Today, the always-insightful Tantek Çelik responded to Jeffrey’s post, accurately noting that many of the items the so-called “HTML5 Test” was checking are not actually part of the HTML5 specification at all (for example, Microdata, Geolocation, and more.) Tantek goes on to say, “We as a community that is learning/relearning/teaching all this stuff need to vigilantly clarify what’s what rather than calling things “HTML5? that are not actually HTML5.”
I say: Why?
Tantek doesn’t give any reasoning for the importance he places on us “vigilantly clarifying what’s what,” so I’m left to assume his inner pedant is simply bothered by the misuse of the term. That’s fine, and even to be expected from those in the “Standardista” community — after all, they love nothing more than to debate semantics.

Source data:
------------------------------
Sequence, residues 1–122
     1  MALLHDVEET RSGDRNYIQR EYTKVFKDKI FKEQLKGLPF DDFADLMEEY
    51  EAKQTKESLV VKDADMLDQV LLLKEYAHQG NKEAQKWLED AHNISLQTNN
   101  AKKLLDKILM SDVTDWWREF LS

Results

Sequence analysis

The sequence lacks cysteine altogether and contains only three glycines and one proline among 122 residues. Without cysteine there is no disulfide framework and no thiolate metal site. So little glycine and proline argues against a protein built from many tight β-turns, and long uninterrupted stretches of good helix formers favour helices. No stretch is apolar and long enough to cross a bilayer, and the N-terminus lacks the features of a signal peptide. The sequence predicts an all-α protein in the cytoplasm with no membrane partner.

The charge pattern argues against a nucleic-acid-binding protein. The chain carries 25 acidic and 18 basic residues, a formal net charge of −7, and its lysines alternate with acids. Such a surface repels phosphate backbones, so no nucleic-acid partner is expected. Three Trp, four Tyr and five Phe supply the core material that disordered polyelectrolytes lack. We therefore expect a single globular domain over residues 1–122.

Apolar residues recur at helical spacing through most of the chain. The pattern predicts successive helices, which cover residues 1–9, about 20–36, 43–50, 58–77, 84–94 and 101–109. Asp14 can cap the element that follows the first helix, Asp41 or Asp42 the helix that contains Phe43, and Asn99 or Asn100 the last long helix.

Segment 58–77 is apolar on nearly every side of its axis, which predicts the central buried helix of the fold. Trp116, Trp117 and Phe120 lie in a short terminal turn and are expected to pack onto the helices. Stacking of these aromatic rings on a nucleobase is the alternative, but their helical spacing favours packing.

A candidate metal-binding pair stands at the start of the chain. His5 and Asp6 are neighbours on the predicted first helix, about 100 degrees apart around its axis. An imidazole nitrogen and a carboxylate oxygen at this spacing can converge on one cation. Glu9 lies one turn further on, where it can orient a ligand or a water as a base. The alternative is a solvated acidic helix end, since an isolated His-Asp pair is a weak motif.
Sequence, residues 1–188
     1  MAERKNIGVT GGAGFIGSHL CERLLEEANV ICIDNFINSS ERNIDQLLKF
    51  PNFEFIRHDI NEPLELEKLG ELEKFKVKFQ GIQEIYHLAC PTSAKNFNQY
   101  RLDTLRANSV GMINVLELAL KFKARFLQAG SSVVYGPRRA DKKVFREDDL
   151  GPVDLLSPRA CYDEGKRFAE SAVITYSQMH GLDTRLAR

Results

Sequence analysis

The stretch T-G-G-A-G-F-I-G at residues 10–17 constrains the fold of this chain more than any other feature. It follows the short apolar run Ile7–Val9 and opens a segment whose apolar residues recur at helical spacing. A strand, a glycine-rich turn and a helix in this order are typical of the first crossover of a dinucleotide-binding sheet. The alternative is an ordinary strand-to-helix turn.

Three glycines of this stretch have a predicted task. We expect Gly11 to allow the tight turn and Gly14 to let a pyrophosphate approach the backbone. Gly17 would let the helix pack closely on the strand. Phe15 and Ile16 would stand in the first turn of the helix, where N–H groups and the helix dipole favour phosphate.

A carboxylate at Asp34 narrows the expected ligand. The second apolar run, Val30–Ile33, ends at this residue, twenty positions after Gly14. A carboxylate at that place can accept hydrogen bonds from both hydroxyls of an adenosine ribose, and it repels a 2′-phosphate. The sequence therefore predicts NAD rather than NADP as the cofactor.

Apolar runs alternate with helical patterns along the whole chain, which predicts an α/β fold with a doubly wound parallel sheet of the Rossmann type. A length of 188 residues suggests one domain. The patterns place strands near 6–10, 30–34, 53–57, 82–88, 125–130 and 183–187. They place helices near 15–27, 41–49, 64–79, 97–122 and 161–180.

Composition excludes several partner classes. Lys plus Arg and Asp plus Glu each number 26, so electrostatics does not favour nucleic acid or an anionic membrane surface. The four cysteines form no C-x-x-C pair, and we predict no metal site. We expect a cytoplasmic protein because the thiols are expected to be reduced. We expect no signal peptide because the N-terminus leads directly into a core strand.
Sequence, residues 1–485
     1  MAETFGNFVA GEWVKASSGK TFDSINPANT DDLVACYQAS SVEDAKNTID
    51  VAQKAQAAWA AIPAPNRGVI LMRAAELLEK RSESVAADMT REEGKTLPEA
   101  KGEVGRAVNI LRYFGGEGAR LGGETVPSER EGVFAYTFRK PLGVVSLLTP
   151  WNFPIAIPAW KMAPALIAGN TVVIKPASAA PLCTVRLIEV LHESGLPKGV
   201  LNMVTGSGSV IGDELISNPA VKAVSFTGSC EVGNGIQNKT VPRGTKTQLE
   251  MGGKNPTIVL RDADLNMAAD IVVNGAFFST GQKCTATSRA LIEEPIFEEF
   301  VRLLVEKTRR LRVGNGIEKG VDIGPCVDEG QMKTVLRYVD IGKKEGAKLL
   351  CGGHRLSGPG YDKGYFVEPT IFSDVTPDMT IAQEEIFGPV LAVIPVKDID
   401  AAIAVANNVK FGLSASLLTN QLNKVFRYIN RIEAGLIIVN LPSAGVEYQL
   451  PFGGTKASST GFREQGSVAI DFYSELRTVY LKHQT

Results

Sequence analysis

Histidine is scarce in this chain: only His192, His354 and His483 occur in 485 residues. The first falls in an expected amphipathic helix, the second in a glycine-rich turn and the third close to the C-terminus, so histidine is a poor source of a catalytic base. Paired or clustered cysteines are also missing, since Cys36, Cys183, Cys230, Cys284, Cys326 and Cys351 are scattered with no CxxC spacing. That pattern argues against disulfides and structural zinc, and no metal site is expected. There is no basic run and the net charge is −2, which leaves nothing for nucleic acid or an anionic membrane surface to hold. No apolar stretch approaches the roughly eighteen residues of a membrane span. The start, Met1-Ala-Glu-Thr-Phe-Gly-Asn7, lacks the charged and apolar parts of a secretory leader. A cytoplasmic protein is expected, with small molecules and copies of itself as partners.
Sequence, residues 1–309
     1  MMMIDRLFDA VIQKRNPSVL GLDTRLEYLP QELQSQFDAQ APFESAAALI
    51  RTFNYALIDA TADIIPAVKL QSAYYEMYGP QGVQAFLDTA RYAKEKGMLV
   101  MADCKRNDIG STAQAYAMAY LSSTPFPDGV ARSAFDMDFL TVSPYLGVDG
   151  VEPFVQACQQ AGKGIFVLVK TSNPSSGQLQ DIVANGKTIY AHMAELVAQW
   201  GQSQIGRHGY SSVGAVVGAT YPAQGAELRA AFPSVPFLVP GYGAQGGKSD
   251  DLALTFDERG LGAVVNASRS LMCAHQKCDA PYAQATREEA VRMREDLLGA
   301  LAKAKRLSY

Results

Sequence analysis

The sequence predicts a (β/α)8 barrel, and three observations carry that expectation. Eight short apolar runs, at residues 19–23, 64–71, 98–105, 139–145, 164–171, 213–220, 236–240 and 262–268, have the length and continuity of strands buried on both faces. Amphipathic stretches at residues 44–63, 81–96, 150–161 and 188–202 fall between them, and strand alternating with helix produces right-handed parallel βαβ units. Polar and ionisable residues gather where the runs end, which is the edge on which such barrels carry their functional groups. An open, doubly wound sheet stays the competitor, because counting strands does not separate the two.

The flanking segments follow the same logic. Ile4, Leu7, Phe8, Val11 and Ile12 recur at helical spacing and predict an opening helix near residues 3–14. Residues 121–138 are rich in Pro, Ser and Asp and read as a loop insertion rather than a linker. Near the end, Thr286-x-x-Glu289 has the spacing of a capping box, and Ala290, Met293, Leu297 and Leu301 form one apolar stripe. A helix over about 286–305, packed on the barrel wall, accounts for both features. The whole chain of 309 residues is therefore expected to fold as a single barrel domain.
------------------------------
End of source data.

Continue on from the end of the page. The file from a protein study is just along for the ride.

But I think there’s actually a very good reason why we should, in fact, embrace the term “HTML5” as an overarching buzzword for this latest round of web standards and specifications. Our industry has proven on several occasions that we don’t get excited about new, interesting, and useful technologies and concepts until such a buzzword is in place.
And it’s not just AJAX. If you want other examples, look no further then “Web 2.0” and “Microformats.” “HTML5” is today’s “AJAX.” Just as with “AJAX,” people are misusing the term all over the web. But it wasn’t until influential people and companies (notably Apple) started misusing the term that web developers at large (myself included) starting taking this new collection of web standards, specifications, and best practices seriously, as something that might be useful before 2022.
Sometimes we just need a word to rally behind. And put in job descriptions. And claim we “support” (another word that is mostly meaningless). It’s a language thing and a human psychology thing.
So be pedantic about the semantics of “HTML5” if you want, but don’t be surprised if no one really listens. This is something most people can understand and get behind. This, on the other hand, is not.